So how is this anxiety manifested and how can it be remedied? The experience of sexual anxiety in a context like marriage will occur in different ways at different stages of the relationship and it is also likely to be experienced differently by men and women.
The Passionate Years
In the early years where passion is hot and in great supply, anxiety may be centered on creating a good first-impression and maintaining it. While we women may worry about how imperfect our bodies appear in bright light, our men may tend to worry about controlling their sexual excitement long enough to prevent premature ejaculation. The fact that we are now learning each other’s bodies adds to the sense of excitement and sex becomes wonderfully expressive and spontaneous. This may especially be so since there are likely to be no kids around to cramp our style. Unless there are serious issues with sexual inhibitions or with sexual control, bedroom anxiety at this stage tends to be short-lived and surmountable—even when there is little dialogue.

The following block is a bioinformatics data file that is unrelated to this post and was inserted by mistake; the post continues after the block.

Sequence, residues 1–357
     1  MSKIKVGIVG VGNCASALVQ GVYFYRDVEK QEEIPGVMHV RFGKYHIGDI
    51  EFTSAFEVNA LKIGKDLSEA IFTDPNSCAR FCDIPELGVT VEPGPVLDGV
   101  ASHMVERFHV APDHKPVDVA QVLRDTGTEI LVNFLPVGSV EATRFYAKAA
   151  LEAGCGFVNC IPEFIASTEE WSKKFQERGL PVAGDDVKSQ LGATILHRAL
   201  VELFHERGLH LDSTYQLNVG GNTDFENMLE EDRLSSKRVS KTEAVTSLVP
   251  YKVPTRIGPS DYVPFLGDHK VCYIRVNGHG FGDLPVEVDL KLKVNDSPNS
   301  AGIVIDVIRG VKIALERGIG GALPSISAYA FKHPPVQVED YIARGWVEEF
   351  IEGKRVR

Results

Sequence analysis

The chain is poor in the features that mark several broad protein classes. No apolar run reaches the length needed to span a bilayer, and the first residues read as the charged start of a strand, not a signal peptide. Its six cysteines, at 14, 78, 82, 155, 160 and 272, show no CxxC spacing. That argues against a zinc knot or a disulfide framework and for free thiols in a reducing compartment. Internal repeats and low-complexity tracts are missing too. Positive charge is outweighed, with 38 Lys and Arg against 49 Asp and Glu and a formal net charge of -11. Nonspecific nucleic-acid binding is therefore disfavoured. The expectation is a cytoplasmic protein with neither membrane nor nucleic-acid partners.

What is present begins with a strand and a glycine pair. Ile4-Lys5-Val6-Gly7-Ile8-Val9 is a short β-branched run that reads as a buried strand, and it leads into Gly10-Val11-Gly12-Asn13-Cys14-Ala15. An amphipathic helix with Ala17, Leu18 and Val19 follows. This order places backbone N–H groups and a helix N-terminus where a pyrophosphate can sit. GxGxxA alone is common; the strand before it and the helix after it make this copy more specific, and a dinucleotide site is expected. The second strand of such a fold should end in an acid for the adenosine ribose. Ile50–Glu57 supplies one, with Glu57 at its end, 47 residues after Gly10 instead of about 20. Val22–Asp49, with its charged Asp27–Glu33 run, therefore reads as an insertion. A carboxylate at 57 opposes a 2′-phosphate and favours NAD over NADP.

The Middle Years
As life becomes more complicated and sex is affected by the humdrum of life, our anxiety in the bedroom may also go up a notch. Dealing with our kids, their activities, our bills, work pressure and growing financial responsibilities can all take a toll on bedroom activity. While men may become anxious about the lack of frequency, women may tend to be concerned that sex has become routine, predictable, and lacking in romance. The major issues are therefore sexual quality and quantity. Since sex may be had mostly in survival mode at this stage, both partners may become concerned that their best years are behind them and the temptation may be to "settle" for less. The sense of sexual boredom, which may set in, coupled with a lack of communication about it, can also make the marriage vulnerable to something like infidelity, as either partner may seek assurance from outside the primary relationship that he or she is still sexually desirable.
The Empty-Nest Years